Extract from the diary of Harrison Johnston, the 15th (Service) Battalion, Cheshire Regiment, 105th Infantry Brigade, 35th Division
4-30 p.m. We “stood to” at 4.20 a.m. in a horrible snowstorm, and by jove it was cold. I let them “stand down” as early as I dared.
I had to write a song of hate to the Orderly Room about rations. Our supply was very short, both grub and fuel, and as I pointed out when I “protested strongly,” the men cannot fight and work day and night, in such bitter weather, unless they have plenty of food and fuel. Quarter of loaf per day is no use, and bread is the chief difficulty it seems. What is the use of giving men rice or flour in lieu of bread – might as well give them hay. However, things were better next day.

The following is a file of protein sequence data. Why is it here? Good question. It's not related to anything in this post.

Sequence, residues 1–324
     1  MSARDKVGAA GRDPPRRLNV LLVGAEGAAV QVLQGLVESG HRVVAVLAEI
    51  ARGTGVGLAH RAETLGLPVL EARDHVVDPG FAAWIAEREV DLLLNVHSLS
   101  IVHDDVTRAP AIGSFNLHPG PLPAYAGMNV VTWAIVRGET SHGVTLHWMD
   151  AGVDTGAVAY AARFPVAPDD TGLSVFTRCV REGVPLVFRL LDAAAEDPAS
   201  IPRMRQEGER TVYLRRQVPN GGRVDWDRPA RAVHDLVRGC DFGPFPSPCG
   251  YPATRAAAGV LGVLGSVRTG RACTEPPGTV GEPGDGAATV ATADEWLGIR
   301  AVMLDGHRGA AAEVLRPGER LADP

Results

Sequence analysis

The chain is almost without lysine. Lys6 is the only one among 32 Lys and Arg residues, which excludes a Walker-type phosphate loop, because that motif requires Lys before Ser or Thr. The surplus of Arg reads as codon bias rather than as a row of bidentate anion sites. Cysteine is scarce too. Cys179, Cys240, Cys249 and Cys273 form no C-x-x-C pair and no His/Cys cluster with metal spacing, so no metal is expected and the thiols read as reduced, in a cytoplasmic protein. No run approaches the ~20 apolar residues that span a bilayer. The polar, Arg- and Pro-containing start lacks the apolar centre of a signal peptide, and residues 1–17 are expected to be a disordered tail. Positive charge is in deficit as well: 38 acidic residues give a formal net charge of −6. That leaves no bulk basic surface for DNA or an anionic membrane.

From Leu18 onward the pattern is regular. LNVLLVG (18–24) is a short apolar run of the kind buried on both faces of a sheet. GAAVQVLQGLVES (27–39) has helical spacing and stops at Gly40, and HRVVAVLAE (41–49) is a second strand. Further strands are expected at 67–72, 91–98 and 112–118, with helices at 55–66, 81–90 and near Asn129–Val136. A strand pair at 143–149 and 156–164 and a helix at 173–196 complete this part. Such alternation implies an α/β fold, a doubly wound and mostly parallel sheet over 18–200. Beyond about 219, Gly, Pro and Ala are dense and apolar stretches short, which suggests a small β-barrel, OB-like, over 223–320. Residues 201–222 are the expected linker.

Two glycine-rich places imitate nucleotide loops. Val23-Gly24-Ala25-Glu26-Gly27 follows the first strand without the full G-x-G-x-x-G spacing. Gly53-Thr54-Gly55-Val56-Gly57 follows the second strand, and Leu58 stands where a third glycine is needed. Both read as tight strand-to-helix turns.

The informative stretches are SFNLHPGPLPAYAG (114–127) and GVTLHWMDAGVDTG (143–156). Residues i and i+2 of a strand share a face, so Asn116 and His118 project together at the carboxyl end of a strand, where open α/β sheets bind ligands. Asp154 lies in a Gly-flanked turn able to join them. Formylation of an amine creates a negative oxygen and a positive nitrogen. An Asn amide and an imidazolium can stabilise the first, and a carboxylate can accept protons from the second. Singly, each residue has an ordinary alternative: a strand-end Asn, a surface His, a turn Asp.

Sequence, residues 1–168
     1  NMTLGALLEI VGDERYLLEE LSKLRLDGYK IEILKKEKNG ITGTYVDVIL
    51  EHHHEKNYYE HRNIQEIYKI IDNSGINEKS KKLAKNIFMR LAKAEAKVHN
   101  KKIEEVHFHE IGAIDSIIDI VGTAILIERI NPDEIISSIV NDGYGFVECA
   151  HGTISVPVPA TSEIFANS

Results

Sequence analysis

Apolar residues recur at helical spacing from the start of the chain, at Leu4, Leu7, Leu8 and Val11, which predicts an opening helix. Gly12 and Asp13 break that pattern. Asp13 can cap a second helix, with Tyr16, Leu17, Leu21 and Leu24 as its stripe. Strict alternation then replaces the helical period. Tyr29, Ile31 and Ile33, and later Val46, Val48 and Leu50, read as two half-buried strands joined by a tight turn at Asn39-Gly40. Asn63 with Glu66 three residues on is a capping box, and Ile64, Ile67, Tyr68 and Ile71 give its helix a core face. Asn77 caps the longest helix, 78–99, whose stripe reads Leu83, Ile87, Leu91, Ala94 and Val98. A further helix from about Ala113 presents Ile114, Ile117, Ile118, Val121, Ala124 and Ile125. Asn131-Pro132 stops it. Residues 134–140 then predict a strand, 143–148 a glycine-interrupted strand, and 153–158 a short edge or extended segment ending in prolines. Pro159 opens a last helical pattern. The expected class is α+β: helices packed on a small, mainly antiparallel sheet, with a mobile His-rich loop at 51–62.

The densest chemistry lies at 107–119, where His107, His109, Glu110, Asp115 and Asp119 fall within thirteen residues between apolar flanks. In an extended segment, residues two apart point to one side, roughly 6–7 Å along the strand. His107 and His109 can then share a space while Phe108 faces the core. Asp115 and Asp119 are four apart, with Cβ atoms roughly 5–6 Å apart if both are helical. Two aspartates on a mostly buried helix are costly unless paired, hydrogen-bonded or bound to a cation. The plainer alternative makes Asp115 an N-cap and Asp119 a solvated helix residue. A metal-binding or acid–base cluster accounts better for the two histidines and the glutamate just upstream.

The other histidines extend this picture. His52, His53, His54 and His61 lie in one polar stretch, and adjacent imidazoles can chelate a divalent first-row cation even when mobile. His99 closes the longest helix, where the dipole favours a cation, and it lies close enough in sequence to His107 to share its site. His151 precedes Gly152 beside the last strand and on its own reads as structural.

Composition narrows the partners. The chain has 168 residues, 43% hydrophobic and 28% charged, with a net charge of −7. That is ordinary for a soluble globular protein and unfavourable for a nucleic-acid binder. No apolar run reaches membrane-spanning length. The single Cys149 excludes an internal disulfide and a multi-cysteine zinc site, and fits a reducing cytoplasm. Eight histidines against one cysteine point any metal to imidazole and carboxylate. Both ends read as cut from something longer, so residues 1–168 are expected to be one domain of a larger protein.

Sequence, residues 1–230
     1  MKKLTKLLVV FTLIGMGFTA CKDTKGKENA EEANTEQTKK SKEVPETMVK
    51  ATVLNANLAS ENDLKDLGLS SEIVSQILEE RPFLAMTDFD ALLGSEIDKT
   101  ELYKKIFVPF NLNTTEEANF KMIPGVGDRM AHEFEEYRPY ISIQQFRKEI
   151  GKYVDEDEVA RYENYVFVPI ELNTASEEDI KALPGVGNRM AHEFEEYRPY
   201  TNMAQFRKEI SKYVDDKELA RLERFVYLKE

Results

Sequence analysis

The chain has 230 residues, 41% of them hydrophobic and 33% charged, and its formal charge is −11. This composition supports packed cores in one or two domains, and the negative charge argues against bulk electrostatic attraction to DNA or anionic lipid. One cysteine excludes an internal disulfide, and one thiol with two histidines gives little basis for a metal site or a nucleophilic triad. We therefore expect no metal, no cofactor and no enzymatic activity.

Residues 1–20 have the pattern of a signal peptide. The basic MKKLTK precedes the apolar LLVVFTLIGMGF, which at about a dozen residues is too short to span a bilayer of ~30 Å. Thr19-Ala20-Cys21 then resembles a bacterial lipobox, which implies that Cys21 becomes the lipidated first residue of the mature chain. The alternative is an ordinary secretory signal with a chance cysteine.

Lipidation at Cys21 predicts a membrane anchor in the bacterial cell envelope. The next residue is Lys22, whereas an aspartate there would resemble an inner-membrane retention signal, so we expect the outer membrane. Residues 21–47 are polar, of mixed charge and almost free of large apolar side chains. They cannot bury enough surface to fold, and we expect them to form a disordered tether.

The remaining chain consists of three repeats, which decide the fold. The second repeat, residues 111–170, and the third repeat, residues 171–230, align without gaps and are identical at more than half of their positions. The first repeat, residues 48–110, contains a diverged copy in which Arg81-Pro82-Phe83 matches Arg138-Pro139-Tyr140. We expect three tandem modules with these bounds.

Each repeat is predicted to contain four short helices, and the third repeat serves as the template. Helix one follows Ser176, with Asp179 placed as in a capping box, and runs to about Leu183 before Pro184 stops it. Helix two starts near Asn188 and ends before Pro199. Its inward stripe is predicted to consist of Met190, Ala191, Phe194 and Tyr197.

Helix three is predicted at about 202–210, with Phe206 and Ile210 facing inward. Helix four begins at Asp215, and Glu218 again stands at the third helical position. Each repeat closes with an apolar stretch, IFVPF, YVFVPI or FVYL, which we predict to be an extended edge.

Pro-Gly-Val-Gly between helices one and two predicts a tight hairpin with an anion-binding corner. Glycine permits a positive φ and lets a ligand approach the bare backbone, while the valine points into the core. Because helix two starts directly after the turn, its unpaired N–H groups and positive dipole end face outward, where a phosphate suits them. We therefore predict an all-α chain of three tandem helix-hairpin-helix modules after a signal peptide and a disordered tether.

The Trench Mortar Officer came up about 9-30 and did a bit of firing. He damaged the Boches wire and burst his parapet in one place, then asked our machine gunners to keep fire bearing on this spot all night so that it cannot be repaired.
We had a bit of revolver shooting at big rats in the evening, but we’re not very good shots I find.
A funny thing happened owing to the frost, which I must tell you. We have to send in a situation report at 4 a.m. daily giving the direction of the wind. Daddy reported “gentle breeze due east” – this favourable for gas. It seems all the people behind the lines got excited and many donned gas helmets. However, our reports were all S.W. and our people evidently presumed Daddy’s weathercock was wrong. It had frozen pointing East!
Aeroplanes and artillery working in conjunction had a busy day, but did not strafe us. Both ours and the Huns’ at it all morning. Houses behind our lines and Huns’ were set on fire. It was a nice clear day. Fritz had three sausages (observation balloons) up opposite us – we had some up also.